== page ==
Americans were asked in a new poll to describe what they thought about the seriousness of global warming. Though the majority supported in general terms the concept of climate change as a whole, the term used most to describe it was “exaggerated.”
The poll is the fourth in a series conducted by Gallup on American’s views about climate change. Based on what they see in news reports, 42 percent of the more than 500 adults surveyed said they think climate change is generally exaggerated, while 33 percent thought it was generally underestimated and 23 percent said reporting was generally correct. Taking the percentages of these latter two groups, Gallup said that “most Americans seem to accept that global warming is at least as serious a problem as news reports say it is.”
Gallup compared responses to this survey to previous years and found that fewer think global warming is generally correct, but the percentage of those who think it is generally exaggerated has remained at or above 40 percent since 2009.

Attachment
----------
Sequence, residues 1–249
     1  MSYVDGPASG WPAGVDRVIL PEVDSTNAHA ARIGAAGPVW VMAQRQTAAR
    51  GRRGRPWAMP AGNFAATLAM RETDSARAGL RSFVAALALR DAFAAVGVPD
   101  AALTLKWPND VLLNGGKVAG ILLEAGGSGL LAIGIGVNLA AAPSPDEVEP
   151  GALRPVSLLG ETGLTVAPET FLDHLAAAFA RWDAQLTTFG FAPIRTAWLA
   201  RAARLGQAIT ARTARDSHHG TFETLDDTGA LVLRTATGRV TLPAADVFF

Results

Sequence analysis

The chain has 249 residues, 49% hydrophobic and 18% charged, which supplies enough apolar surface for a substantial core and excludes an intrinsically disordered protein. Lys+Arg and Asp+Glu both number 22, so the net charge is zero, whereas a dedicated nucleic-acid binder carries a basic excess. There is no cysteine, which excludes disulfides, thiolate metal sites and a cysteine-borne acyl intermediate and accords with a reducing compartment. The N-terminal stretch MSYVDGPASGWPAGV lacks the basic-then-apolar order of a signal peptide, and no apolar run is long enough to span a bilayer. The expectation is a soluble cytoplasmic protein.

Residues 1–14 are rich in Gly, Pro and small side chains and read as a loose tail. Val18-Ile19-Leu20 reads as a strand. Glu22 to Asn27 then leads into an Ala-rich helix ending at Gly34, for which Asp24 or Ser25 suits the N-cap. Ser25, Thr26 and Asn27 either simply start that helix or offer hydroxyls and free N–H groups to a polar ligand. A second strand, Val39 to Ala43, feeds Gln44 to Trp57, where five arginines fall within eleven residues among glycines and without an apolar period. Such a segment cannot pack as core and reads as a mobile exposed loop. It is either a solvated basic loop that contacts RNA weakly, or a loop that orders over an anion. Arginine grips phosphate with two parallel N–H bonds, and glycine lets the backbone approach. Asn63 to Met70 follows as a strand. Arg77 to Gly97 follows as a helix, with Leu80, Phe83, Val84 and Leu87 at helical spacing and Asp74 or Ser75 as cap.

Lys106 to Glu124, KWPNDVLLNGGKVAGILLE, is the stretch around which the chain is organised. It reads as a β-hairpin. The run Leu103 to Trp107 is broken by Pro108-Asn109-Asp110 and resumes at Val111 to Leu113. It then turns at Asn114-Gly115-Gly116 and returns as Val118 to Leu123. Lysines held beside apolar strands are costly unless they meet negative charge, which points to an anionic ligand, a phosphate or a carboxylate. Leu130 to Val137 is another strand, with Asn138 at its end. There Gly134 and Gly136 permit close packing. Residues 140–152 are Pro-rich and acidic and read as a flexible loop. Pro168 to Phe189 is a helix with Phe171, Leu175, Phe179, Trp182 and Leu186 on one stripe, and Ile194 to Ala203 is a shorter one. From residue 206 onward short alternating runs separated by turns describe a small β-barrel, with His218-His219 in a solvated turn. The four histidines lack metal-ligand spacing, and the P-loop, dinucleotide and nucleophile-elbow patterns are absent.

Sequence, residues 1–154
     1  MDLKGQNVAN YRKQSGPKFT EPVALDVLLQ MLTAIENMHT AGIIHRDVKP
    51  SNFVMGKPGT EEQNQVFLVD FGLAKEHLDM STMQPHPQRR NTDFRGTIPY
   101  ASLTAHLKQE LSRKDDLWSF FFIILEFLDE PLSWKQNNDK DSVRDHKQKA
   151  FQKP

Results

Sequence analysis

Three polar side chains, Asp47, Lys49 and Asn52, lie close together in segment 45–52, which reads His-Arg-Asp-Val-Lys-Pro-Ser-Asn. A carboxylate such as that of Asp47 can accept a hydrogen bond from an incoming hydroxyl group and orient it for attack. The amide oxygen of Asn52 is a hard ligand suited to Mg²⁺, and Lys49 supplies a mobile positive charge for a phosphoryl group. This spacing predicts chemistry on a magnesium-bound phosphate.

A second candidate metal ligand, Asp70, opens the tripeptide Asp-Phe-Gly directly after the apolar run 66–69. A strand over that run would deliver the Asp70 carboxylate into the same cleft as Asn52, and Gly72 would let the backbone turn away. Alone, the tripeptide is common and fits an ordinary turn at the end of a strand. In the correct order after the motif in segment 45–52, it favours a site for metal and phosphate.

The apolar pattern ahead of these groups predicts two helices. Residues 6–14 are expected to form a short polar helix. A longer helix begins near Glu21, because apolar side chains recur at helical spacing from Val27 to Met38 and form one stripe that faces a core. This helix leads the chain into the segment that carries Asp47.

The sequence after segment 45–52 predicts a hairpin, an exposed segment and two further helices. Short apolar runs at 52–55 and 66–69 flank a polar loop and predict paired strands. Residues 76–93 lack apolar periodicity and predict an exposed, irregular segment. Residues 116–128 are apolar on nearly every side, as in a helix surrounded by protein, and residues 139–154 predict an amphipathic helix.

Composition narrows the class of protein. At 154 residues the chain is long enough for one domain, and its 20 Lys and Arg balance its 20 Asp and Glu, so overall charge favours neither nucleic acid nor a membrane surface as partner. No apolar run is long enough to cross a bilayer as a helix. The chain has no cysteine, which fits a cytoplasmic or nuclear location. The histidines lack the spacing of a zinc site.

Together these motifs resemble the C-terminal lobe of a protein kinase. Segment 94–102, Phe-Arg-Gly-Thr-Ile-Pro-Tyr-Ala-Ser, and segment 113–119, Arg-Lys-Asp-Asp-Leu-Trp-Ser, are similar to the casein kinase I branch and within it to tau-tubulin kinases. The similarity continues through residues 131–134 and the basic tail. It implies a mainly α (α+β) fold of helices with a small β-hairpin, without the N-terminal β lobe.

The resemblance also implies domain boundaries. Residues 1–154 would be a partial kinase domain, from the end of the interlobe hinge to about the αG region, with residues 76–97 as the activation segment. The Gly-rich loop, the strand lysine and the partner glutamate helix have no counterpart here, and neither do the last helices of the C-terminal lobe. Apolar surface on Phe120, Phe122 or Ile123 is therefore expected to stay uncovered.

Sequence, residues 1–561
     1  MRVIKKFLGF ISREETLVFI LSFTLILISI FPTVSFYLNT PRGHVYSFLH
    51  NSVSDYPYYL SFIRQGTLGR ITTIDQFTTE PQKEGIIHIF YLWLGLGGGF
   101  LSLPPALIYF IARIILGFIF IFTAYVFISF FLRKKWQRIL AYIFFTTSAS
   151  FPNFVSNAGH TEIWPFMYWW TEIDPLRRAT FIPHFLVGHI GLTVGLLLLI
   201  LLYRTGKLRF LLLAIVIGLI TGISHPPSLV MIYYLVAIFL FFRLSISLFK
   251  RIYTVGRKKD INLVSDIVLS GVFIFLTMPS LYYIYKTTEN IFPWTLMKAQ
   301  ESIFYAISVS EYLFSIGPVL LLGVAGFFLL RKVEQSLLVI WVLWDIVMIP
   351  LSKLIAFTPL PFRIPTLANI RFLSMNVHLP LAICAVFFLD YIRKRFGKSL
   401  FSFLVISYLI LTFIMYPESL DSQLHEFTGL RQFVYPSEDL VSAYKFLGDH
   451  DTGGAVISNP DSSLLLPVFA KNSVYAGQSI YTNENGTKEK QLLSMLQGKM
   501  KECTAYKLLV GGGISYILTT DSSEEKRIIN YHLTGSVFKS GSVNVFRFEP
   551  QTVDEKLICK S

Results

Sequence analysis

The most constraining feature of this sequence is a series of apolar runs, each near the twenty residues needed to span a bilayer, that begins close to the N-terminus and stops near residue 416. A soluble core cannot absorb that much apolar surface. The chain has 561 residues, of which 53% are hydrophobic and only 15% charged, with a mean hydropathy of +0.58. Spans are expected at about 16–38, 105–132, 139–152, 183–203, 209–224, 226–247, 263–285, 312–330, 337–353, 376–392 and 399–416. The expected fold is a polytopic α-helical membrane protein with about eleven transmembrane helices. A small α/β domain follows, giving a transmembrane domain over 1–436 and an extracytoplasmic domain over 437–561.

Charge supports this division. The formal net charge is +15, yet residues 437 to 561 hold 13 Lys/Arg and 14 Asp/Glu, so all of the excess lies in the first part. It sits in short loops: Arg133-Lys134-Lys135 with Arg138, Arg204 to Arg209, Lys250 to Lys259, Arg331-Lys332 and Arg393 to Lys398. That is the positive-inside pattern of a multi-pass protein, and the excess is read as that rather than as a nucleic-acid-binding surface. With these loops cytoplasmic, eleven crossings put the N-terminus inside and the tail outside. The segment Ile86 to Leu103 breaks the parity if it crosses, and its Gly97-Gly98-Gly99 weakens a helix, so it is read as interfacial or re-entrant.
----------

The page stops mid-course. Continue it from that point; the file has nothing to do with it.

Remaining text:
The survey also broke down thoughts of Americans on global warming along party lines.
Just last week, Democratic senators talked through Monday evening into Tuesday morning about climate change and how they’re concerned about its possible impact on Earth. This “talk-a-thon” came after a previous Gallup poll found just 24 percent of Americans worry about climate change a great deal, while 51 percent said they cared little or not at all about it, compared to other national problems.
Another poll in the series found that while two-thirds of Americans surveyed thought global warming was happening, only 36 percent thought it posed a serious threat during their lifetime. Much of this perspective depended on the respondent’s age. Those who were younger were more likely to think global warming was a threat in their lifetime compared to those who were older.
Watch Gallup’s video about this survey’s findings:
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